Wake On Demand in Snow Leopard
Putting your Mac to sleep saves power, but it also disrupts using your Mac as a file server, among other purposes. Wake on Demand in Snow Leopard works in conjunction with an Apple base station to continue announcing Bonjour services that the sleeping computer offers.
While the requirements for this feature are complex, eligible users can toggle this feature in the Energy Saver preference pane. It's labeled Wake on Network Access for computers that can be roused either via Wi-Fi or Ethernet; Wake on Ethernet Network Access or Wake on AirPort Network Access for wired- or wireless-only machines, respectively. Uncheck the box to disable this feature.
Thinking about buying an AirPort Express to connect wired and wireless networks? To coincide with the release of his ebook "Take Control of Your AirPort Network," Glenn Fleishman examines the limitation of the Express's single Ethernet port. Speaking of networking, a lightning strike prompts Adam to share his experience adding an Ethernet card to a Power Mac, and Matt Neuburg wonders how he ever used the Web without Webstractor.
iTunes Music Store Sells 100 Millionth Song -- Apple's iTunes Music Store sold its 100 millionth song on Sunday, 11-Jul-04, to 20-year old Kevin Britten of Hays, Kansas, making Kevin the winner of a 17-inch PowerBook, a 40 GB iPod, a 10,000-song iTunes Music Store gift certificate, and the opportunity to create his own celebrity playlist in the iTunes Music StoreShow full article
digital.forest Celebrates 10th Year -- Congratulations to Chuck Goolsbee, Chris Kilbourn, Bill Dickson, and our other friends at digital.forest, who are celebrating the company's tenth year in the Web hosting and server co-location businessShow full article
DealBITS Drawing: disclabel Winners -- Congratulations to Al Guild of mac.com, Michael J. Amato of comcast.net, and Miguel Angel Vazquez of macmail.com, whose entries were chosen randomly in last week's DealBITS drawing, and who will each be receiving a copy of SmileOnMyMac's disclabel 2.1Show full article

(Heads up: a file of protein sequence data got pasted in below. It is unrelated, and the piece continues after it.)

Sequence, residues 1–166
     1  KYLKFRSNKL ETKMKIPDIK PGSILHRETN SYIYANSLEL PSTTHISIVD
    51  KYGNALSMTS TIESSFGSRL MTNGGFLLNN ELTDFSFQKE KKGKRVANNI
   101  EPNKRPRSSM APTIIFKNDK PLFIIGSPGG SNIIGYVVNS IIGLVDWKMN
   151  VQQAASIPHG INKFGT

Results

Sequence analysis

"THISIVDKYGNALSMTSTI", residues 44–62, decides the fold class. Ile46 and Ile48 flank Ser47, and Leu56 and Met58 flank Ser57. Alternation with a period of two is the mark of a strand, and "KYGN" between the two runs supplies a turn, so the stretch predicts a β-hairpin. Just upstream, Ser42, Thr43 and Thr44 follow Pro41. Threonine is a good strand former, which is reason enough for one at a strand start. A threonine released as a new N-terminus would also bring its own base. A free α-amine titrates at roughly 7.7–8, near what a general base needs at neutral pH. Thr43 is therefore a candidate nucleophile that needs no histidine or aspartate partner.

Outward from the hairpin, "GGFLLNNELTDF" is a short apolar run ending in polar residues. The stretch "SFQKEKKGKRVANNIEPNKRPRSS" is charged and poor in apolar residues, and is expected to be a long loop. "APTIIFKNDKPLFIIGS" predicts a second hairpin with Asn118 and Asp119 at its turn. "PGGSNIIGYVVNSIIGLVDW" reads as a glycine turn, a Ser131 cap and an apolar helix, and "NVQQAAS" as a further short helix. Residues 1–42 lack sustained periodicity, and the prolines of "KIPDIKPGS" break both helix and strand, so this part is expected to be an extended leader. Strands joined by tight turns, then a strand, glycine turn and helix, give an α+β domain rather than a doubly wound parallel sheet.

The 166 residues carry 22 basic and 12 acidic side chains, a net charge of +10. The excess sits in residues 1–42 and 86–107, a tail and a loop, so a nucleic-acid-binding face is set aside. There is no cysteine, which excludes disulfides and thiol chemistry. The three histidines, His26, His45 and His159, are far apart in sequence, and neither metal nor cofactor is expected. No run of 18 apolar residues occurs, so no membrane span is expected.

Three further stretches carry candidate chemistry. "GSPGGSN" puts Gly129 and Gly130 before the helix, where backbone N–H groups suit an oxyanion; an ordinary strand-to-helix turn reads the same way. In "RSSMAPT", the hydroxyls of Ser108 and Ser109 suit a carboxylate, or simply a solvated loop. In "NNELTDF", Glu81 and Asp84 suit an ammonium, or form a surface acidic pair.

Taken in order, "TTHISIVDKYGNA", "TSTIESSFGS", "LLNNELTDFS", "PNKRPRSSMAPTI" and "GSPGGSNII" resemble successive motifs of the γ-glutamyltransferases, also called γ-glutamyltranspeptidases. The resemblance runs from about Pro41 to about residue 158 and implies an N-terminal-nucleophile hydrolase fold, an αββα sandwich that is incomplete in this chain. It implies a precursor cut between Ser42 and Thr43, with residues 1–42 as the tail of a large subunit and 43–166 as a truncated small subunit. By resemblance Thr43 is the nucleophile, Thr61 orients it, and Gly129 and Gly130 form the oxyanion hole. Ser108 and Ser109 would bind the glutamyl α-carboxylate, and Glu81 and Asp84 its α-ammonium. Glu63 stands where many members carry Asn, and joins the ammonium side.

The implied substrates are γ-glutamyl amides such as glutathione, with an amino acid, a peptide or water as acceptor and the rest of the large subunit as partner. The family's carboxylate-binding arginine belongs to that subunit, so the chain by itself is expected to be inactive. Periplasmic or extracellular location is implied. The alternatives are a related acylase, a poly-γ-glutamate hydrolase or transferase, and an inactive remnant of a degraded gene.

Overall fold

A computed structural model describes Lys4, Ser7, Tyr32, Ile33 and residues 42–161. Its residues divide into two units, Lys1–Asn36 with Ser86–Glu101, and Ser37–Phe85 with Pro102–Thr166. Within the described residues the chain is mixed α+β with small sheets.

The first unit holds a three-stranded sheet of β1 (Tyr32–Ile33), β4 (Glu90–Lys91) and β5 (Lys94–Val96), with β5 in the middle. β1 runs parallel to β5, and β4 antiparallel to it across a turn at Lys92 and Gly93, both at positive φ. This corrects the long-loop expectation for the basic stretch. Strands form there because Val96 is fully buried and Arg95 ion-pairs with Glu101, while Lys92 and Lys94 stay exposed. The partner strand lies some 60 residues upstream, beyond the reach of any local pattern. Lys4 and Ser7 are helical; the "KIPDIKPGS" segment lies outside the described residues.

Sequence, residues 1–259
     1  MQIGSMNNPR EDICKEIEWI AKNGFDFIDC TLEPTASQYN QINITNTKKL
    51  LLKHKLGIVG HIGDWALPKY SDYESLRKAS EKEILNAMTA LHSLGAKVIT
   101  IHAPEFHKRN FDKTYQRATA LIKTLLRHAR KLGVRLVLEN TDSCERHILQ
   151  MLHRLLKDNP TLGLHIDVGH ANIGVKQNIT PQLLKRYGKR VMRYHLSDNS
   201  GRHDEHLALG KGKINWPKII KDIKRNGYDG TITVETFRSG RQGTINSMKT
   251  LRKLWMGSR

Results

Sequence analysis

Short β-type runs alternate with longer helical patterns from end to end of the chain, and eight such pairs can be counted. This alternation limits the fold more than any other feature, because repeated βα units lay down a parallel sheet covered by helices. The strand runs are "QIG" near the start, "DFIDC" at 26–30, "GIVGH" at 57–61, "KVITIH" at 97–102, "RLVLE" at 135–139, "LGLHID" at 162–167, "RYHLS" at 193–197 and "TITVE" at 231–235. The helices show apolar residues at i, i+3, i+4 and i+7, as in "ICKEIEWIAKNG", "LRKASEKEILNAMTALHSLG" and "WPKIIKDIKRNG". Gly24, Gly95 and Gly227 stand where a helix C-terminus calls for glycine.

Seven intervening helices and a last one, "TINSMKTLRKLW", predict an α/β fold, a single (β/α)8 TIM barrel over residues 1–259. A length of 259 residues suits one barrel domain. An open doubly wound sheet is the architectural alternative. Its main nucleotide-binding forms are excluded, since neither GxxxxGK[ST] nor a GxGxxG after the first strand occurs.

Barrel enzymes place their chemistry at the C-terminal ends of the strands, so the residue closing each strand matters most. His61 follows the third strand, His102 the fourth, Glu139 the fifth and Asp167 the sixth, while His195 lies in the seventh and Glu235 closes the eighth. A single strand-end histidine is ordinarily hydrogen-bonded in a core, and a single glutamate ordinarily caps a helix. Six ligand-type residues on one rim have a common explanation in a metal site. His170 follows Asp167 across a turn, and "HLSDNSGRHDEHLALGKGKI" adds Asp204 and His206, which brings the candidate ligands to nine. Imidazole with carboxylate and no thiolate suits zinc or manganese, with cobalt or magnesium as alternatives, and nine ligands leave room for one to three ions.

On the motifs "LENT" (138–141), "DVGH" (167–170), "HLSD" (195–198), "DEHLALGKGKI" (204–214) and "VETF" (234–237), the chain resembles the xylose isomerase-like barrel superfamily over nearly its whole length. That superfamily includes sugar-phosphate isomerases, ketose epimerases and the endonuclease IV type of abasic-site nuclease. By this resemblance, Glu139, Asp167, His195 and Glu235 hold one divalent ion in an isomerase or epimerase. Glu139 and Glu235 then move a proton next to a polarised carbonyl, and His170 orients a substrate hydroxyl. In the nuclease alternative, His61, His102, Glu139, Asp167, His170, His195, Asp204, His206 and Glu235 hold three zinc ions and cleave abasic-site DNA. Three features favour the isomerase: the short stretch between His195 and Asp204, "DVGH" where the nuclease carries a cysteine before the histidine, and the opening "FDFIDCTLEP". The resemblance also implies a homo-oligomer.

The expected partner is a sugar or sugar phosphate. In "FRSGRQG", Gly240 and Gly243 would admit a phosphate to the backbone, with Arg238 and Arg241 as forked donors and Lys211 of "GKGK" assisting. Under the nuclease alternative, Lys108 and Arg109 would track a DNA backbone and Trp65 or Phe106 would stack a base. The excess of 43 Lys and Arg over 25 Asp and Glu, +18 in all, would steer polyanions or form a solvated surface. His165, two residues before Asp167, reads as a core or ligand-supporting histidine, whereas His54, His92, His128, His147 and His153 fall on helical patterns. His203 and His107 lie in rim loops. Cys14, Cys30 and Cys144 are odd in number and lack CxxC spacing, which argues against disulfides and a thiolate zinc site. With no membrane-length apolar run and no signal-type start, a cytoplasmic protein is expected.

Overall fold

Why would you want to add a PCI Ethernet card to a Power Mac? Although you can take advantage of some tweaky multi-homing possibilities with multiple Ethernet cards, in my case it was much simpler: a lightning strike near our house fried my Power Mac G4's onboard Ethernet! I actually saw the lightning hit an ash tree on the other side of our driveway, or rather, I heard the simultaneous blast of thunder and saw a chunk of bark blown off the treeShow full article
Apple's new AirPort Express Base Station combines streaming music, USB printer sharing, and wireless networking - but with only a single Ethernet portShow full article
Sometimes a new idea is so simple, you can't believe no one's thought of it before. Sometimes a simple idea is so ingenious, it feels magical. When an application embodies a new idea of that sort, you may not realize right away what it does: it lives just outside your accustomed paradigms, so at first you keep trying to see it as something it isn't, like a child stuffing a square peg in a round hole. Softchaos's Webstractor is like thatShow full article
Although I will continue to monitor TidBITS Talk while I'm at Macworld Expo in Boston this week, my torrid schedule along with two days of travel on trains that aren't equipped with Wi-Fi (see contributing editor Glenn Fleishman's New York Times article about wireless Internet access for commuters), will likely mean somewhat more sporadic moderation. The second URL below each thread description points to the discussion on our Web Crossing server, which will be much faster, though it doesn't yet use our preferred design. Postini-like anti-spam services -- After our announcement that we would be testing Postini, several people wrote into alert us to alternative anti-spam servicesShow full article